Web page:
What Is Lucid Dreaming And Is It Safe?

Sleep is an integral part of a healthy lifestyle. But getting a set number of hours each night isn't quite enough (and the magic number isn't even eight hours). You need to get quality sleep.

There are plenty of things you can do to ensure a good night of sleep before your head even hits the pillow. And things like scrolling your phone or tossing on a bad mattress might be keeping you up late. But once you're asleep, you're sort of at the mercy of your dreams. Good or bad, you're stuck with them — and their effects on your sleep quality — until morning.

Stuck, that is, unless you know how to induce lucid dreaming. This is a state of sleep where the person knows they are dreaming, according to a 2019 study in the journal Frontiers of Neuroscience. When the sleeper becomes aware that they are in a dream, they can actively change or even end it.

If this sounds like something with horror-movie potential, you're not wrong. The same 2019 study called for caution when researching lucid dreaming. It is backed up by a second 2019 study in the same journal, this one asking if a lucid dreaming habit was helpful or harmful. Ultimately, they concluded that there is not enough research to know for certain.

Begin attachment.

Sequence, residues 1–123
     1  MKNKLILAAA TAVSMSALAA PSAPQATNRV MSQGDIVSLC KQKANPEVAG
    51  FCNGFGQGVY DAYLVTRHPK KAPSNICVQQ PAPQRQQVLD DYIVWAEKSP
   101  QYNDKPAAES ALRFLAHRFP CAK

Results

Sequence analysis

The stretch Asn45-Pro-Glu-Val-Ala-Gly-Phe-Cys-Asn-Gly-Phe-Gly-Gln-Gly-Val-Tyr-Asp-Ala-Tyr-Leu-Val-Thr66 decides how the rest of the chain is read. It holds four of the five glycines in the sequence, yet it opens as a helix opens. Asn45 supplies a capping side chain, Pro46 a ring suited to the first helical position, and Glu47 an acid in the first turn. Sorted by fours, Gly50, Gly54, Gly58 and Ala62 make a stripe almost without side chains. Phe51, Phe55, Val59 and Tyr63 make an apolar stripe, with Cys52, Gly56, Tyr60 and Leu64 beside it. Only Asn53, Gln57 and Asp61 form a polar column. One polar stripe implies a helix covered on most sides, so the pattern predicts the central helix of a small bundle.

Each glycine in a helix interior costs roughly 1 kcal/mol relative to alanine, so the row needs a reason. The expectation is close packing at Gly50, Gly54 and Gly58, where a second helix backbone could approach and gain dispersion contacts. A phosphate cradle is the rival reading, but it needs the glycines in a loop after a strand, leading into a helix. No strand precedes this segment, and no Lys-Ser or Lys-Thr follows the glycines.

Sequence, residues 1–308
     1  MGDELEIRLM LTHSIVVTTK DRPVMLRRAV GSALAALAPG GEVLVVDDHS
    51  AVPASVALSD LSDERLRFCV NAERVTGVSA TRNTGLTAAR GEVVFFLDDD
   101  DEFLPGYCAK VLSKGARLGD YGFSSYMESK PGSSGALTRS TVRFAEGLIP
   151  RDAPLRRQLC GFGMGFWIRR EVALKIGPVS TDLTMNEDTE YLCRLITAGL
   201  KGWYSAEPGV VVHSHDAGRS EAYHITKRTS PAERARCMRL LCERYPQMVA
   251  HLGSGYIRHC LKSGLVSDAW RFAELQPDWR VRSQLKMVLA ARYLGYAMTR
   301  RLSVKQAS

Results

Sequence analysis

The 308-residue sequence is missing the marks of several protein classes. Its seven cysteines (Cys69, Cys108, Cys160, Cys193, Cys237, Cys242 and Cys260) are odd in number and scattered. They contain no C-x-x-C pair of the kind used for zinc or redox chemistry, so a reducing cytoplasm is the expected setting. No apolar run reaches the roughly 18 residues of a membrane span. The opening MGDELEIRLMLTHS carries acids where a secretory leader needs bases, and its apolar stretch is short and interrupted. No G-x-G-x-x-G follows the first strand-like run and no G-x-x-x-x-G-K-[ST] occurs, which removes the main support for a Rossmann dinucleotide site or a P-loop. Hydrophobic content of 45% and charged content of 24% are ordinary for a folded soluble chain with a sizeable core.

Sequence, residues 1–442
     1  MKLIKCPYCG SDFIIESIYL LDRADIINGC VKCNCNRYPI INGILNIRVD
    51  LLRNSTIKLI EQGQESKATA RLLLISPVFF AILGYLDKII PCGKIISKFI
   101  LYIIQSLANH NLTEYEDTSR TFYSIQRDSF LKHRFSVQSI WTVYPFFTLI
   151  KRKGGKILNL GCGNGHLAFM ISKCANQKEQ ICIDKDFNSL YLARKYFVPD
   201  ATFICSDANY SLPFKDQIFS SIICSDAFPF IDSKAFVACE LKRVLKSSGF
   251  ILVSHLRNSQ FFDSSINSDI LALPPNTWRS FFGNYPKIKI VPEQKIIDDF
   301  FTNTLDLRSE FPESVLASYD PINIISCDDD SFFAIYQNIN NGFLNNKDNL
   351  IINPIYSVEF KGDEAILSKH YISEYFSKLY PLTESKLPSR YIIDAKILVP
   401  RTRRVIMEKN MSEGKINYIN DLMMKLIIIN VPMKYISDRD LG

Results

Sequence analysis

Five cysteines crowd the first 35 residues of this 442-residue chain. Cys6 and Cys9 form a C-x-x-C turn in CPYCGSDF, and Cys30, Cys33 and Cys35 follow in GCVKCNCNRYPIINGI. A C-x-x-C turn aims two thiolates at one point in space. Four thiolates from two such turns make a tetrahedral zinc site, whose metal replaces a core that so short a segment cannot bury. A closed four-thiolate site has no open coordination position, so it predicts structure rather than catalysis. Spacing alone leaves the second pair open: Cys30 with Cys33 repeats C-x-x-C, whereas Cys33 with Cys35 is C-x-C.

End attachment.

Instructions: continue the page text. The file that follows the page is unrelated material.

The safety question around lucid dreaming

Scientists aren't yet sure of the wide-ranging effects of lucid dreaming, but that hasn't stopped people all over the world from working to cultivate the ability. Proponents say that lucid dreaming can lead to wish fulfillment as people control their dreams, improved problem solving as the mind works more creatively, and even the ability to wake themselves from nightmares (as outlined in this HuffPost article).

Some researchers, like those at Sleep Foundation, warn that regular lucid dreaming can affect your sleep-wake cycle, however. This is because lucid dreams occur almost exclusively when you are in the REM state of sleep, as detailed in this 2009 study published through the Sleep Research Society.

Regular dreams can take place across all stages of sleep, which led these researchers to theorize that lucid dreams start as regular dreams that change when the sleeper realizes they're dreaming. Either they enter REM and realize they're dreaming, or the realization kicks them into REM. From there, the lucid dream can interfere with the sleeper's natural rhythms, leading them to get less rest while they're asleep.

Over time this can lead to sleep deprivation, putting the person at risk for depression and anxiety — among other issues. This is, however, just a theory, and one based on the assumption that lucid dreamers activate this ability regularly. Occasionally changing a dream or ending a nightmare, however, has no proven ill effects. And, as every study on lucid dreaming currently suggests, more research is needed before we fully understand this ability.